In sum, 3 or 4 people can be the make-up of the Crisis Response Team for a medium sized business, though I would recommend having 4 to better assist the Incident Commander with his or her many oversight tasks. The Incident Commander will determine when the team meets during the year to review and modify action plans, identify, analyze and make contingency plans for any new risks or conditions, rehearse so that every team member is on the same page, working together, and confident enough to carry out their designated roles. The Incident Commander must be competent enough to lead under extreme pressure following the SEE principle.

Safe-no one gets hurt.

Effective-Every team member works toward the same objective.

Efficient-All resources are utilized to maximum benefit


Scene Safety


One of the very first things that needs to be addressed by the Incident Commander is scene safety. Why is that a priority? Consider the School shooting in Uvalde,TX. There was

realistically no safety perimeter because a teacher had propped open a door and it was left unlocked. Was the scene safe? (No). The school had a perimeter security system but the best security system in the world will fail if its system is compromised. The teacher's failure to close and secure the door rendered the school's security useless. In health care, we talk about the chain of infection. It only takes one broken link in the chain to allow the infection entry into a person’s system. One irresponsible action allowed the gunman easy access into the school. Tactically, there was No clear leadership. The ad hoc team that rushed in and took down the shooter wisely determined that the incident command system had broken down before defying a “Do not breach order.”



Unsafe scenes can become even more unsafe. For example, a counseling practice where you’ve got a critical incident going on. There is no apparent leader taking charge, some people are panicking, others are yelling, some are weeping. No one was delegated the responsibility of rescheduling clients, so that’s not happening. One of those clients who didn’t get rescheduled comes early, looks distraught, and is in crisis. He's walking into a crisis that has dissolved into utter chaos. Why is this a potential danger? That person could be suicidal or homicidal. Of course that could apply to any business as well as someone coming in early to settle a score, who's angry at the workplace or a particular person. And they might have a gun, a knife, or a dirty bomb. This is based upon a real incident that I had graduate Counseling Students at Concordia University examine and do role play for.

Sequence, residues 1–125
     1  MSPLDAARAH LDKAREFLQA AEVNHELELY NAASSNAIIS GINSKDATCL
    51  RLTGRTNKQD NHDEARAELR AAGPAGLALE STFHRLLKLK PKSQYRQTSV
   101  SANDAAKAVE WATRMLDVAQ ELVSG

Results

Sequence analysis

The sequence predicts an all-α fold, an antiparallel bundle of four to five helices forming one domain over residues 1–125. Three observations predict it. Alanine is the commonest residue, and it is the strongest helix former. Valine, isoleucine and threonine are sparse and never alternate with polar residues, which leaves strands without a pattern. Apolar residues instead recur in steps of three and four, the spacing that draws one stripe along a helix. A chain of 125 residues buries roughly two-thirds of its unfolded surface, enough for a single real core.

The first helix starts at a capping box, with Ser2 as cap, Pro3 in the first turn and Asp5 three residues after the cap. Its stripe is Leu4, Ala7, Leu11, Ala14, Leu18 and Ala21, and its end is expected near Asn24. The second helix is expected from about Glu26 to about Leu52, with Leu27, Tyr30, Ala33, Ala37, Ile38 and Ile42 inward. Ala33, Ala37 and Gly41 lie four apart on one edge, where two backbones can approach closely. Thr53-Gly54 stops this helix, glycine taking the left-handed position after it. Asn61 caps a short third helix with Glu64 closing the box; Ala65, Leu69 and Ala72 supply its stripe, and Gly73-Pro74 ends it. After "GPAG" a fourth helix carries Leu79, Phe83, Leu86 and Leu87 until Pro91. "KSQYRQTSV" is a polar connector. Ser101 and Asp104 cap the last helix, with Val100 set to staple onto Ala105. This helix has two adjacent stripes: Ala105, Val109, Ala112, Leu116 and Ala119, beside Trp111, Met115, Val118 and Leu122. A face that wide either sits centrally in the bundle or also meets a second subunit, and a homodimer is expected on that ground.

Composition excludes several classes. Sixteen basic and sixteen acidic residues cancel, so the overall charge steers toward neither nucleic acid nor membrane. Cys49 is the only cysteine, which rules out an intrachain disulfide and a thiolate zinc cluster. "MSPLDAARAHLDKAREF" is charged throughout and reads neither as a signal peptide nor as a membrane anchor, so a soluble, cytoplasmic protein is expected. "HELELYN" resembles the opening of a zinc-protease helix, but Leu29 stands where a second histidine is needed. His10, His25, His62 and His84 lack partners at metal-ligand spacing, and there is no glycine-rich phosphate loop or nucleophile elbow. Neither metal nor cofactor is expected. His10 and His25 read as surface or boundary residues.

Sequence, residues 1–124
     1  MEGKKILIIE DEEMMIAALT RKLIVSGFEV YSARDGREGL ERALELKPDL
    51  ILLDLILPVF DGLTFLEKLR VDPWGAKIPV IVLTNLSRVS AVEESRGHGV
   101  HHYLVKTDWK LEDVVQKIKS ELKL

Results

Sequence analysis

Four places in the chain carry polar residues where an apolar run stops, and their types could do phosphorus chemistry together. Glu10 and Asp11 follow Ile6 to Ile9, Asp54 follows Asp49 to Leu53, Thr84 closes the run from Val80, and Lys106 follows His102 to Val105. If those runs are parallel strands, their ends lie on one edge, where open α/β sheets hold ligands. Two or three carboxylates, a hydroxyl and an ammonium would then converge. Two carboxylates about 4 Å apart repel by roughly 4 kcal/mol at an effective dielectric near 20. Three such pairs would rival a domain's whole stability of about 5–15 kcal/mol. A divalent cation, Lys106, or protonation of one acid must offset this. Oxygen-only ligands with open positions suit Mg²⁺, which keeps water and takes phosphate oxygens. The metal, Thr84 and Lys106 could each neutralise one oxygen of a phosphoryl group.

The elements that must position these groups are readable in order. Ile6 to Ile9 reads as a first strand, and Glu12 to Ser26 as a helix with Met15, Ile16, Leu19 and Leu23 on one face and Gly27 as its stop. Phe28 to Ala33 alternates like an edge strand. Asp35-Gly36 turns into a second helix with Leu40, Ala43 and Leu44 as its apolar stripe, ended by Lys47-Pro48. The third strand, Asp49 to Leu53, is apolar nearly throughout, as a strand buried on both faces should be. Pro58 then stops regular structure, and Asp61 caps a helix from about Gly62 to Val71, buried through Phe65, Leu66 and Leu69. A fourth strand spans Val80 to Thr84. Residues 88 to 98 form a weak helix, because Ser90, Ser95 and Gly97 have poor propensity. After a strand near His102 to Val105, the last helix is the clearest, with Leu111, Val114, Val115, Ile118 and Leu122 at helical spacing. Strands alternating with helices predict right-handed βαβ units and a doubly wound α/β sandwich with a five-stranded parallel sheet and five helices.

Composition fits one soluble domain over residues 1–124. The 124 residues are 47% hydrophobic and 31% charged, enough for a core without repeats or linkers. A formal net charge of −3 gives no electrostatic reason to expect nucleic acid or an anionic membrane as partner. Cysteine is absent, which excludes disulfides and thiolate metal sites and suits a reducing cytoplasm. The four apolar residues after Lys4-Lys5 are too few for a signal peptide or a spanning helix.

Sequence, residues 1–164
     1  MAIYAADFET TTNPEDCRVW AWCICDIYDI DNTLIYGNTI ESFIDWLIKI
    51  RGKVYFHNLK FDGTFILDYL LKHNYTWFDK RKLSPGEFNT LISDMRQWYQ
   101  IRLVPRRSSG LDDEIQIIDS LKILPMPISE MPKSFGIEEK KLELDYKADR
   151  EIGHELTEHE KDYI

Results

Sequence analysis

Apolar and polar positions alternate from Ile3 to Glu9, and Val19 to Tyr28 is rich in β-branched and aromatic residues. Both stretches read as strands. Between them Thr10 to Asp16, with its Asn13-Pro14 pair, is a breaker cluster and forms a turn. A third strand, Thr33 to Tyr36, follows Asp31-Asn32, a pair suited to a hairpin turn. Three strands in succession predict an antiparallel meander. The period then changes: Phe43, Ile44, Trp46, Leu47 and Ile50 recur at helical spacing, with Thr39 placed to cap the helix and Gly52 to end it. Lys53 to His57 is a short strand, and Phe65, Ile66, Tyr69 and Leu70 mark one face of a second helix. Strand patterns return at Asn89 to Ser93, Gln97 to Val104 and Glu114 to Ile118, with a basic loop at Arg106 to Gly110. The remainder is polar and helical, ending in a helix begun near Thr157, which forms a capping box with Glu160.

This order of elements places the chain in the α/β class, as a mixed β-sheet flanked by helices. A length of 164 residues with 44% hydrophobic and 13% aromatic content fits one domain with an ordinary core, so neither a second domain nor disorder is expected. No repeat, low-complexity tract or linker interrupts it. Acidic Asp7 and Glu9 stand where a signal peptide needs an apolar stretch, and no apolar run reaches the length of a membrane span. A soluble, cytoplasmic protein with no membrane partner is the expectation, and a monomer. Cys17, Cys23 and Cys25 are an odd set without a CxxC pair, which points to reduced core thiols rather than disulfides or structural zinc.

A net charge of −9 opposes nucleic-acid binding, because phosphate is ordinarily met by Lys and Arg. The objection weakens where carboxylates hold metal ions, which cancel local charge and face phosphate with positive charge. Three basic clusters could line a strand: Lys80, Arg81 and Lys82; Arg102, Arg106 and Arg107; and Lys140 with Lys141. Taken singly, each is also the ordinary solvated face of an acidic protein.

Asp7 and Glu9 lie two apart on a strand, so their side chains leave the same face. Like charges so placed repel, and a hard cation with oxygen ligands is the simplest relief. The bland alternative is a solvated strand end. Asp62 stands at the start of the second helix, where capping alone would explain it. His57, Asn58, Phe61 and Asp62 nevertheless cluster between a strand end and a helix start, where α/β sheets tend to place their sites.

Preplanning must include considering and addressing any existing conditions that could hinder or prevent the successful execution and management of the incident.

Some of the Questions for the Incident Commander are:

What are some existing conditions that need to be addressed?

How can these be detrimental to effective Crisis Response? (No leadership, teamwork, or trust).

In what ways could these be addressed and minimized?

What might be the long term fallout if not remedied? (Lack of accountability, boundary issues, lack of leadership, failure to review and enforce documentation standards)

Long term—lawsuits- In the case of a counseling practice-inadequate charting is a litigation attorney’s delight in the courtroom, especially if an overly dependent client is so distraught they harm themselves or others. Are there other issues anyone on the team can think of and suggestions for addressing these?


When I am hired to go into a company and teach this, I set up a mock scene tailored to that company and engage the staff in role play. The goal is to demonstrate what it can look like without Critical Incident Preplanning, how to set up Team, and how vital this is to a safe office environment in a society where workplace violence is becoming more commonplace. Whether you are on the Critical Incident Team or not, everyone can take responsibility for not becoming a hinderance to the safety of themselves or others. For a site assessment and custom presentation on Critical Incident Preplanning tailored to your company, or to have our former Navy SEAL/Naval Intelligence Cybersecurity Expert assess the state of your network security, please call us at (630)557-6229 or email revcappel@newdaypcs.org


Stay safe out there and remember, God loves you, and so do I.


Later,






The Rev.